By Zain Rizvi
The prices for leading insulins used by hundreds of thousands, if not millions, of Medicare beneficiaries are unlikely to be negotiated in the mechanism outlined in the new reconciliation drug price reform package. Unlike the Build Back Better Act, the new package excludes insulin-specific negotiation requirements and, instead, treats insulin like other drugs.
Under the new bill, negotiations are limited to single-source drugs that do not have generic or biosimilar competition. Three popular insulins—insulin glargine (Lantus); insulin aspart (Novolog); and insulin lispro (Humalog)—either already have or are expected to have biosimilar competition before the negotiation mechanism is set to apply (Table 1). All three insulins would thus likely fail to qualify as single source drugs eligible for negotiation.
Table 1: Competition for leading insulin brands
|Brand Name||Insulin Name||Competitive Landscape|
|Lantus||Insulin glargine||Interchangeable biosimilar (Semglee) and follow-on biologic (Basaglar)|
|Novolog||Insulin aspart||Mylan/Biocon biosimilar candidate subject to regulatory authorization|
|Humalog||Insulin lispro||Follow-on biologic approved (Admelog); biosimilars in clinical pipeline|
While competition is helpful, the limited competition expected (one or two competitors) may not deliver the significant price reductions typically associated with more competitors. Further, in the case of insulin, both prescription drug corporations and pharmacy benefit managers have incentives to keep prices high. A combination of biosimilar competition and price negotiation would be more effective in delivering significant price reductions.
In 2020, Medicare spent billions of dollars before rebates purchasing huge volumes of these leading insulins for many beneficiaries (Table 2). To protect insulin users, Congress can restore the requirement to negotiate insulin product prices in the reconciliation drug price reform package.
Table 2: Spending and use of leading insulin brands (2020)
|Brand Name||Part D Spending||Part D Total Claims||Part D Total Beneficiaries|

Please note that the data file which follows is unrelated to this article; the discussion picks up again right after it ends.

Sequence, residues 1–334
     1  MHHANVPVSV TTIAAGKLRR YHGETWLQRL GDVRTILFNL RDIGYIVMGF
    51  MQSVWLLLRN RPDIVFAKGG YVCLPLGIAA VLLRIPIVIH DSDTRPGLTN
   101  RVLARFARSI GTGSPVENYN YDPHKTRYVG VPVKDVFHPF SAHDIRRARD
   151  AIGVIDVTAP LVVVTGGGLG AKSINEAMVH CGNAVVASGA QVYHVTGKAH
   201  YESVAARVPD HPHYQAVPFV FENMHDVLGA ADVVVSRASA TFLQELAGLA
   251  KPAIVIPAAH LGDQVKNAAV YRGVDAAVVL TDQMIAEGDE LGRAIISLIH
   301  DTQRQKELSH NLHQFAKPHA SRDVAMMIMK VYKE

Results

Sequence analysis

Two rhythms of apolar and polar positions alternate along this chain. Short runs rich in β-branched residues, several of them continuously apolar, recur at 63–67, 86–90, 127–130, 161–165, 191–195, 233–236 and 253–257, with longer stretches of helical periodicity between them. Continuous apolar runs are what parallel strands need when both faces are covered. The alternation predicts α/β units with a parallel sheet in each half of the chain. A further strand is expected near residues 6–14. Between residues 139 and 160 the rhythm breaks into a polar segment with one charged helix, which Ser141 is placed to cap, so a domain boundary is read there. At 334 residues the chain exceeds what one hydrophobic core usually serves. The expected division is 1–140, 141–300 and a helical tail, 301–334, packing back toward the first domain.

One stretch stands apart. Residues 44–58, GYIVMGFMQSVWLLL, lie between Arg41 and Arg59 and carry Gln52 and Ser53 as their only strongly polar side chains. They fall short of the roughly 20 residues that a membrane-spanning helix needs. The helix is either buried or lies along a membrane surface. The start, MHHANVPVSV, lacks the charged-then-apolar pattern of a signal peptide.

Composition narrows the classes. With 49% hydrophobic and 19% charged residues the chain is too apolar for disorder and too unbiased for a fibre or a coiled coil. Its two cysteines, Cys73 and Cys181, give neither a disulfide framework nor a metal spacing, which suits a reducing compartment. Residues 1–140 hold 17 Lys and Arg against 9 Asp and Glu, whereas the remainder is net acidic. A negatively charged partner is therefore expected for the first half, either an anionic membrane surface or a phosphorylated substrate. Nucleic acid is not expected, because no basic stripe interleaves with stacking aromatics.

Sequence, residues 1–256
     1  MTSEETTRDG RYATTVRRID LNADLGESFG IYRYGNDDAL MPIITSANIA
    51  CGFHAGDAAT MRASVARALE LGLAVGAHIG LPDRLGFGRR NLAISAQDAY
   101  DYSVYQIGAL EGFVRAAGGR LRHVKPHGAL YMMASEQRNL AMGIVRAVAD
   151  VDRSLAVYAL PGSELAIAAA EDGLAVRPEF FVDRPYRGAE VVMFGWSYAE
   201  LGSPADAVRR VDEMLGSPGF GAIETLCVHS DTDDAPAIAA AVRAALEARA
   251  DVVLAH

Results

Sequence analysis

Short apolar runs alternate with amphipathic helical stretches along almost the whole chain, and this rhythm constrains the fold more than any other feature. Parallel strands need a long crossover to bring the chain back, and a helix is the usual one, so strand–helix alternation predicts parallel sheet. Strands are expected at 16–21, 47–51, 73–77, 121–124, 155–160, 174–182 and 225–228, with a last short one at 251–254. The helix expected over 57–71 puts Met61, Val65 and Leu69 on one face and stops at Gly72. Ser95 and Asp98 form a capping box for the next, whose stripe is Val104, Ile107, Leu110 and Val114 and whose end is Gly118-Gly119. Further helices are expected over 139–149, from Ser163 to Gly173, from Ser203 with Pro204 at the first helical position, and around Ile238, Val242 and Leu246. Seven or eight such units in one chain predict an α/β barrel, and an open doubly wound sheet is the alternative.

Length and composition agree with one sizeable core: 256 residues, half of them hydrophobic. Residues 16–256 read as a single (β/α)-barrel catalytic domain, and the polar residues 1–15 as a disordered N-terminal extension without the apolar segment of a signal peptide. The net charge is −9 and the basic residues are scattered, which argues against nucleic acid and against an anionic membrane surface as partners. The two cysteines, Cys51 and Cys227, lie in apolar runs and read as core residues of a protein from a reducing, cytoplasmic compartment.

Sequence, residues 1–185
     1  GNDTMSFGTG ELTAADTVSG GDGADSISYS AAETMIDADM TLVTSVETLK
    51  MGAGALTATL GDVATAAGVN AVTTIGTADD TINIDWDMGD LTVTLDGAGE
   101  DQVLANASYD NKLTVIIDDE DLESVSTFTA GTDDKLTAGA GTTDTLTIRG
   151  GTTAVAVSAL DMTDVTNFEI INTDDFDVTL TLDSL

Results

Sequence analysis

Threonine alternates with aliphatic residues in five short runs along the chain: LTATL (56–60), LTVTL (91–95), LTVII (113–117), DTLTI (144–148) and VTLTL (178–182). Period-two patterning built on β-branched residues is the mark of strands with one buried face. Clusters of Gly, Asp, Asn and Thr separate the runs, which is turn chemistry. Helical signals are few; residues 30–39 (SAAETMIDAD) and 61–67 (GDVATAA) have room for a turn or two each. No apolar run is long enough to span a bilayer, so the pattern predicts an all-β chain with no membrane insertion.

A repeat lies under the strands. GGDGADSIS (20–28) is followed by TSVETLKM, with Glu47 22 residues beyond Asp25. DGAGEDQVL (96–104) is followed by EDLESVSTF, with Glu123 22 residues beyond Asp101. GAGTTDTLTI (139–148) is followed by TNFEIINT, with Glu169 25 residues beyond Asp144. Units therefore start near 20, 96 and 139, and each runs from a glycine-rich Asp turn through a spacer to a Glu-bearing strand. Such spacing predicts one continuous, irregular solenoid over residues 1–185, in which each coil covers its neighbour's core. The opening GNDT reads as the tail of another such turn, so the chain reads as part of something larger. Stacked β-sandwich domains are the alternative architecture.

|Insulin Glargine (Lantus)|
|Insulin Aspart (Novolog)|
|Novolog Mix 70-30 Flexpen||$421,364,939||373,649||78,223|
|Insulin Aspart Flexpen||$30,872,498||126,542||56,064|
|Novolog Mix 70-30||$112,025,124||120,938||24,734|
|Insulin Aspart Prot-Insuln Asp||$5,499,159||14,916||5,805|
|Insulin Aspart Penfill||$136,607||381||241|
|Insulin Lispro (Humalog)|
|Humalog Kwikpen U-100||$1,053,915,810||1,276,804||384,871|
|Insulin Lispro Kwikpen U-100||$141,621,808||454,776||153,626|
|Humalog Mix 75-25 Kwikpen||$277,054,166||258,489||53,831|
|Humalog Kwikpen U-200||$154,533,157||116,218||30,870|
|Humalog Mix 75-25||$89,208,218||103,461||19,228|
|Insulin Lispro Protamine Mix||$9,342,252||18,372||6,802|
|Humalog Mix 50-50 Kwikpen||$24,113,084||20,412||4,241|
|Humalog Junior Kwikpen||$6,145,479||10,392||3,832|
|Humalog Mix 50-50||$10,144,997||11,129||1,932|
|Insulin Lispro Junior Kwikpen||$325,269||1,167||664|
|Lyumjev Kwikpen U-100||$326,193||390||299|
|Lyumjev Kwikpen U-200||$49,352||41||26|
 Because insulin users may use multiple products in combination, the number of total Medicare beneficiaries using the three insulin products is not immediately clear.
 “A qualifying single source drug” must be a biologic that is not “not the reference product for any biological product that is licensed and marketed under section 351(k).” There are also other eligibility restrictions.
 The bill excludes negotiations for products with biosimilars licensed using a 351(k) application. Whether and how CMS will interpret the introduction of follow-on biologics (which represent 351(a) applications) remains unclear.
 https://data.cms.gov/summary-statistics-on-use-and-payments/medicare-medicaid-spending-by-drug/medicare-part-d-spending-by-drug/data. We categorize products based on brand name, but CMS may interpret products in a different way.